Westbound Interstate 70/U.S. 40 west and U.S. 71 north reach Exit 2H, Junction U.S. 24 east and Missouri 9 north, Admiral Boulevard. The next exit is Exit 2G, Junction Interstate 29-35 and U.S. 71 north to St. Joseph. After this interchange, Interstate 35 south briefly merges with Interstate 70 west, along with U.S. 24-40. Photo taken 10/17/04.
Westbound Interstate 70/U.S. 24-40 west and U.S. 71 north split here. Use the right two lanes to continue along U.S. 71 north as well as Interstate 29-35 to St. Joseph and Des Moines. Use the left two lanes to follow Interstate 70 west along with Interstate 35 south and U.S. 24-40 west to Kansas City, Kansas, and Topeka. Photo taken 10/17/04.
Immediately thereafter, U.S. 24 west departs at Exit 2H. Interstate 29-35 and U.S. 71 north depart from here, joining traffic from Interstate 70 westbound. Photo taken 10/17/04.
Perspective from Interstate 29-35 and U.S. 71 north
Interstate 29 and U.S. 71 north have two lanes for their initial section as they leave the Central Business District (CBD) Loop, then merge with Interstate 35 northbound traffic. After passing through a series of overpasses and underpasses and one interchange (with Front Street, Exit 4B), the freeway prepares to cross the Missouri River. The next exit is Exit 5A, Bedford Street. Photo taken 10/17/04.
Northbound Interstate 29-35 and U.S. 71 approach Exit 4B, Front Street. In addition, the Paseo suspension bridge that carries the freeway over the Missouri River comes into view. This bridge, known as the Paseo Bridge, was built as part of a master plan to upgrade both the U.S. 71 and 69 corridors into freeways leading into downtown Kansas City, was conceptualized in 1949 as part of a City Plan Commission study. It was constructed in 1951-1952, and the Paseo Bridge was dedicated in August 1954 as a toll facility.5 The tolls were retired once the bonds were paid off. Photo taken 10/17/04.
Neither the viaduct that carries the freeway over Front Street nor the suspension bridge are built to Interstate standards. There is virtually no shoulder on either side of the freeway. Plans call for this entire section of freeway to be reconstructed to modern standards. For more information, visit Environmental Impact Statement for Paseo Bridge (issued April 3, 2006) and Summary of I-29/35 Corridor Study. Photo taken 10/17/04.
After the Front Street interchange (Exit 4B), northbound Interstate 29-35 and U.S. 71 cross the Missouri River on the Paseo Bridge, a suspension bridge. Options to upgrade the capacity of the Paseo Bridge include adding a companion span for either northbound or southbound traffic, building an entirely new span nearby for both directions, or building two parallel bridges, one for each direction. It is not clear whether the latter two options would require demolition of the cable suspension bridge. The next exit is Exit 5A, Bedford Street. Photo taken 10/17/04.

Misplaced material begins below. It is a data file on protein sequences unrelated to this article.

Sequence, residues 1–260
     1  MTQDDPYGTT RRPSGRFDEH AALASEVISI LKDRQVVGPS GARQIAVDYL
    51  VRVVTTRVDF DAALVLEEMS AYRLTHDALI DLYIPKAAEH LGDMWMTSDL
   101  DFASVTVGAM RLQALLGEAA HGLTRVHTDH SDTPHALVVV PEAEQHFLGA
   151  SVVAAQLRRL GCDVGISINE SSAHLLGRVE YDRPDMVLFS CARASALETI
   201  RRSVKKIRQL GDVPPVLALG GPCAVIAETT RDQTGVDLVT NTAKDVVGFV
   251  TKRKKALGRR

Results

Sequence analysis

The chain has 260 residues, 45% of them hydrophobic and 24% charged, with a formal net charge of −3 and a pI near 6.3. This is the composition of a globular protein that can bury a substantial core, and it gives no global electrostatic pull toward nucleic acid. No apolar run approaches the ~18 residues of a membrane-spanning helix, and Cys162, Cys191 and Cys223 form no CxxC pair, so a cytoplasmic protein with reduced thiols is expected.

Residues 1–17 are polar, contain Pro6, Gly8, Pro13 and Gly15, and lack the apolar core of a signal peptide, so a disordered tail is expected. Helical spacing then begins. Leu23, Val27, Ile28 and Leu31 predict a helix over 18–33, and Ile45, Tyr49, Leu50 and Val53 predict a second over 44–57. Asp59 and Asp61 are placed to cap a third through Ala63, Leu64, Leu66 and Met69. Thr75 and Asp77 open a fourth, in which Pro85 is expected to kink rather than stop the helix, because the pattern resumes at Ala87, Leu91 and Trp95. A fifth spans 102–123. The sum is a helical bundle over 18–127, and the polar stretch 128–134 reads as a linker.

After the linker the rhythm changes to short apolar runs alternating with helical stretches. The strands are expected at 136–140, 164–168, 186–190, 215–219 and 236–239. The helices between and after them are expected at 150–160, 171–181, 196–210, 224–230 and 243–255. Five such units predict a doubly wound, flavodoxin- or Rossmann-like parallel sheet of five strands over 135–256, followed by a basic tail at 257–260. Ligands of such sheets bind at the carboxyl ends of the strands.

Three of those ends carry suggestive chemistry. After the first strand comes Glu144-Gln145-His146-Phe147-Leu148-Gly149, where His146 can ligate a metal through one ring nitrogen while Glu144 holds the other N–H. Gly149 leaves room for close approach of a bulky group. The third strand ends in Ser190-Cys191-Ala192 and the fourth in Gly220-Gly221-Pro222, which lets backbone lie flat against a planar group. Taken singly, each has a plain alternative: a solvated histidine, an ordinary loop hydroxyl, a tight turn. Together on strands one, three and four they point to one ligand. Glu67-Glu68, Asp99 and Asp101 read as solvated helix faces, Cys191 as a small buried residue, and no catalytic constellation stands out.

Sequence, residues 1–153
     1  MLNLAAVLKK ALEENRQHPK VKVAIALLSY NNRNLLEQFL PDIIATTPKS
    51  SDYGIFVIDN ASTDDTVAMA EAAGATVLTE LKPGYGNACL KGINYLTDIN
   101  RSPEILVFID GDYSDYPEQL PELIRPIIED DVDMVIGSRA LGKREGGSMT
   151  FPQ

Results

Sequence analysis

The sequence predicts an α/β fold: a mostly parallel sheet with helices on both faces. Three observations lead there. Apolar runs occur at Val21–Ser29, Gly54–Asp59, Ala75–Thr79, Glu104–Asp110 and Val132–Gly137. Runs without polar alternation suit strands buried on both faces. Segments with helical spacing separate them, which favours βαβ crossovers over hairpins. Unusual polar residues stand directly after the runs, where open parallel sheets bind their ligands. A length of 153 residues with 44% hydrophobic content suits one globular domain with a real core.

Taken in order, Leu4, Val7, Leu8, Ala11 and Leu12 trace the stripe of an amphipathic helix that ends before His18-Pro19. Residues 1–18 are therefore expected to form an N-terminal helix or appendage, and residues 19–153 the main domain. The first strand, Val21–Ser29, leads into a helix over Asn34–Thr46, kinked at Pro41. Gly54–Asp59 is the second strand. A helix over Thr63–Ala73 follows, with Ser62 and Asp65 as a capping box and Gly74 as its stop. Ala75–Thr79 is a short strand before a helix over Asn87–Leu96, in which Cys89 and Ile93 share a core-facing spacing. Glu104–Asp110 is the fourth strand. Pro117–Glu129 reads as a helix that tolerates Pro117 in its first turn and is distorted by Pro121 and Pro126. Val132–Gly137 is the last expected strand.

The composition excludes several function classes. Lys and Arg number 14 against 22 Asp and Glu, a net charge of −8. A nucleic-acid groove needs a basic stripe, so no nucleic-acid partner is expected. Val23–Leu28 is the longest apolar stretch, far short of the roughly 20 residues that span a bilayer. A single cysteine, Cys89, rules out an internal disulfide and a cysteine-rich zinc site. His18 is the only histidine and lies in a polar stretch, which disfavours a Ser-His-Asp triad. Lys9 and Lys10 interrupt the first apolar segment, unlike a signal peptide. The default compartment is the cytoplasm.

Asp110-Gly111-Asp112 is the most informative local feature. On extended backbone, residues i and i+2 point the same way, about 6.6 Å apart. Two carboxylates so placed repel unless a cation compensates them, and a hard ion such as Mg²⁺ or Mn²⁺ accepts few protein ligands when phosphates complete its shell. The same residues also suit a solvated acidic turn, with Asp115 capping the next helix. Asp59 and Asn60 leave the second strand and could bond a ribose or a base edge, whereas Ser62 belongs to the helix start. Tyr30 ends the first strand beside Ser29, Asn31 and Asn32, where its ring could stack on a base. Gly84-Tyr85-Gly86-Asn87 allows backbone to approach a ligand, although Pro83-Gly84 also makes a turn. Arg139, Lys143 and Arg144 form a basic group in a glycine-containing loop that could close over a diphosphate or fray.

A few miles north of the Paseo Bridge and after the Missouri 210 interchange, Interstate 29 and Interstate 35 split at Exit 8B. At that point, Interstate 29 and U.S. 71 finally separate from Interstate 35, and Interstate 29 starts on its own toward St. Joseph, Council Bluffs/Omaha, Sioux City, Sioux Falls, and Fargo. Photo taken 10/17/04.
Northbound Interstate 29-35 and U.S. 71 reach Exit 8A, Parvin Road. The left two lanes connect to northbound Interstate 29 and U.S. 71, while the right two lanes connect to northbound Interstate 35. Photo taken 10/17/04.
Interstate 29/U.S. 71 north and Interstate 35 north divide at this split in Kansas City. Use Interstate 29 north to the international airport. Photo taken 10/17/04.
Perspective from Interstate 29 and U.S. 71 north
This is the first standalone signage for Interstate 29 after departing from Interstate 35, as the freeway reaches Exit 1A, Davidson Road. Note that the exit numbers do not carry forward from the section of alignment shared by Interstate 29 and Interstate 35. Photo taken 10/17/04.
Perspective from U.S. 71 north (south of Interstate 70)
This diagrammatic sign is found on northbound U.S. 71 as it approaches downtown Kansas City. At first, U.S. 71 intersects Interstate 70 and Interstate 670; after merging with Interstate 70 briefly, U.S. 71 meets Interstate 29. This shows how the southern terminus of Interstate 29 is signed from the U.S. 71 freeway, which was completed in 2001. Photo taken by Eduardo Delgadillo (05/02).
Northern Terminus - International Border - Pembina, North Dakota
Perspective from Interstate 29/U.S. 81 north
Northbound Interstate 29 and U.S. 81 approaching the Canada-United States International Border, one mile. All vehicles must pass through Canadian Inspections prior to entry. Photo taken by Rich Piehl (07/06/02).
Historical site exit signage along northbound Interstate 29 approaching the International Border. The international border is located near Pembina, North Dakota. Photo taken by Rich Piehl (07/06/02).
The customs facilities for northbound Interstate 29 are visible on the horizon in this picture. The freeway will enter these customs areas, with inspections by Canadian officials for northbound travelers. Photo taken by Rich Piehl (07/06/02).
This sign indicates that trucks should remain in the right lane, and cars should use the left lane as they approach the border inspection area. The inspections and customs requirements vary for different kinds of vehicles. Photo taken by Rich Piehl (07/06/02).
Interstate 29 (and U.S. 81) comes to an end as it enters the inspection station. Since northbound traffic is defaulted into the Canadian Customs, there is a left turn to reach the United States customs, which serves southbound travelers. Note the 25 miles-per-hour speed limit here. Photo taken by Rich Piehl (07/06/02).
There is no end Interstate 29 shield present. The line of cars and trucks waiting to enter the Canadian customs station is visible here. North of customs, the roadway connects with Manitoba 75 (a continuation of U.S. 75, which crosses into Manitoba from Minnesota a few miles east of here). Photo taken by Rich Piehl (07/06/02).